Grants to increase community safety, connect people to services in Nanaimo
People in Nanaimo who are at risk of harm or victimization will benefit from a $30,000 grant to create a community-based team of front-line workers to deliver better, faster access to services.
“We want to see all people, particularly those who are vulnerable and high risk, receive the right support and services they need, when they need them,” said Mike Farnworth, Minister of Public Safety and Solicitor General. “By investing in creating these teams in communities throughout the province, we’re helping front-line workers rapidly connect with people in crisis, while freeing up police to focus on serious and organized criminal activity.”
The teams, known as “situation tables,” are made up of representatives from health, public safety and social service agencies. They proactively identify vulnerable individuals or families who have a significant probability of criminal offending or experiencing harm or victimization, and rapidly connect them to services before they experience a negative or traumatic event.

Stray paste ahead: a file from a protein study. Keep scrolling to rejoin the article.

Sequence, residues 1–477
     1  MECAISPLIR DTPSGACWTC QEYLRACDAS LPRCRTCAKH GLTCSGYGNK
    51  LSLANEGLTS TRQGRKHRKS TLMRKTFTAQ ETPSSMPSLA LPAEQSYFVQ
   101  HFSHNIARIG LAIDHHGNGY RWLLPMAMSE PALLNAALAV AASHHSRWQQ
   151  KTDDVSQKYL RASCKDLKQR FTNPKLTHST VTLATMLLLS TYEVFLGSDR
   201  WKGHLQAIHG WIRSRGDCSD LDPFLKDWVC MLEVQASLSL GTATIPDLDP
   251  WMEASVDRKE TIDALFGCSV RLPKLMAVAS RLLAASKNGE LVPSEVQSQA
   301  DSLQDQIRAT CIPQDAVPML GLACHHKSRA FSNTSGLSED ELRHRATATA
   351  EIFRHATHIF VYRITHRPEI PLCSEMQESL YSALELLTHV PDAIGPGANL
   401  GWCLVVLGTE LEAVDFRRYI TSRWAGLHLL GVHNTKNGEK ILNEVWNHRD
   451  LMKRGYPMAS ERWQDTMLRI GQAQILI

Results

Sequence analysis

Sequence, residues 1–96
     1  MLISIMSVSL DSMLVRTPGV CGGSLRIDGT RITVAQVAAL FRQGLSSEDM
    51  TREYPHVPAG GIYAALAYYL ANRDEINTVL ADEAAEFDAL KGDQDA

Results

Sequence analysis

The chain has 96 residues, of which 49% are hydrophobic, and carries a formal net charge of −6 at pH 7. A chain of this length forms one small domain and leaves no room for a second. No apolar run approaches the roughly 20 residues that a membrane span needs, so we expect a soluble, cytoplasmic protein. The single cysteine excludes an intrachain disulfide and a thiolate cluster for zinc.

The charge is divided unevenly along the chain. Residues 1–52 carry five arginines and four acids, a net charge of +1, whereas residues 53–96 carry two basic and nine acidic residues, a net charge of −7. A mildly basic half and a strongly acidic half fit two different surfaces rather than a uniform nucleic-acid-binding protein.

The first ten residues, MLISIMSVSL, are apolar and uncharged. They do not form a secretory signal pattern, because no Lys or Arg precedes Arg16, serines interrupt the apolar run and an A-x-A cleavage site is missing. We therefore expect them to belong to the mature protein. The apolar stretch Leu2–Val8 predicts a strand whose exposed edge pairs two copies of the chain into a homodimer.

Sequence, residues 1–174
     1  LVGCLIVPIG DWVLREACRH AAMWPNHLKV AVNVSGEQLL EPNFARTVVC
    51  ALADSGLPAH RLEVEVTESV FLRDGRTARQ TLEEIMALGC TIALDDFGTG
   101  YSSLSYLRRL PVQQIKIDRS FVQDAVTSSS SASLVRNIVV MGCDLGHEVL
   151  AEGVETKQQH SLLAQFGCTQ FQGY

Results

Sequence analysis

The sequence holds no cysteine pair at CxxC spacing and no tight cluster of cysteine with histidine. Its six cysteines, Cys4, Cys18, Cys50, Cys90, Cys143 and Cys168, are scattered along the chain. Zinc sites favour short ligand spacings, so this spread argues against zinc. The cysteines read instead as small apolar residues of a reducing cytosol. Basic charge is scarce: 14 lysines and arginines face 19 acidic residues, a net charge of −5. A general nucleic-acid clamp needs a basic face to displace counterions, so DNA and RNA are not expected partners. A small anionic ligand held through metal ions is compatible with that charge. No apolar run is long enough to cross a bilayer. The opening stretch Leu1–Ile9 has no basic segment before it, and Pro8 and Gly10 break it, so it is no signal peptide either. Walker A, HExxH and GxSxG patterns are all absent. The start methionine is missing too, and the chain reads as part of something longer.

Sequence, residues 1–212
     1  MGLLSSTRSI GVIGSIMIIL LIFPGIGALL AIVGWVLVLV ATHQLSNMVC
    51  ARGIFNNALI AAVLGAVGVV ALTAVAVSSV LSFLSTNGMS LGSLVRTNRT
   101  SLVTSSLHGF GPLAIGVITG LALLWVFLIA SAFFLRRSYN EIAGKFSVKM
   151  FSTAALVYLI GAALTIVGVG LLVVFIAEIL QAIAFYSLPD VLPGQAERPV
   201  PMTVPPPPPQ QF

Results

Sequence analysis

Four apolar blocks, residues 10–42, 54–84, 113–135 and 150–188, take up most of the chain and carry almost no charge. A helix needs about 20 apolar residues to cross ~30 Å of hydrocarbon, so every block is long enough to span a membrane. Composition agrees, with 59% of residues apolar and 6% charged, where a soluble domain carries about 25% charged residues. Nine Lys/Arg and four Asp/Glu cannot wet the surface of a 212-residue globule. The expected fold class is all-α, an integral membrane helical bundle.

Funding is provided by the Ministry of Public Safety and Solicitor General’s Office of Crime Reduction and Gang Outreach. The office has invested more than $1.1 million since 2017 to develop new tables or enhance existing ones, with another $240,000 to provide funding to seven more communities this year.
There are currently 10 situation tables operating in B.C., with work underway on 11 more.
Erin Hemmens, councillor, City of Nanaimo –
“The recently endorsed Health and Housing Action Plan calls upon all partners providing services in Nanaimo to work together in new ways. The situation table model does just that: by bringing together front-line workers from various agencies and not-for-profits with RCMP, we’ll ensure our responses to people in crisis are appropriately tailored to individual needs. The City of Nanaimo welcomes this collaboration and opportunity.”
Doug Routley, MLA for Nanaimo-North Cowichan –
“This new tool will enable greater collaboration among services providers so people at risk can get the help they need quickly and safely. Our government is listening to the needs of people and investing in solutions that will benefit the vulnerable and marginalized.”
Sheila Malcolmson, Minister of Mental Health and Addictions –
“To better connect vulnerable people with the services that can prevent crisis, crime and disorder, situation tables problem solve one case at a time, so at-risk individuals get the help they need. In 2019, 54% of situation table cases were transferred from police to social services, so police could focus on criminals instead.”
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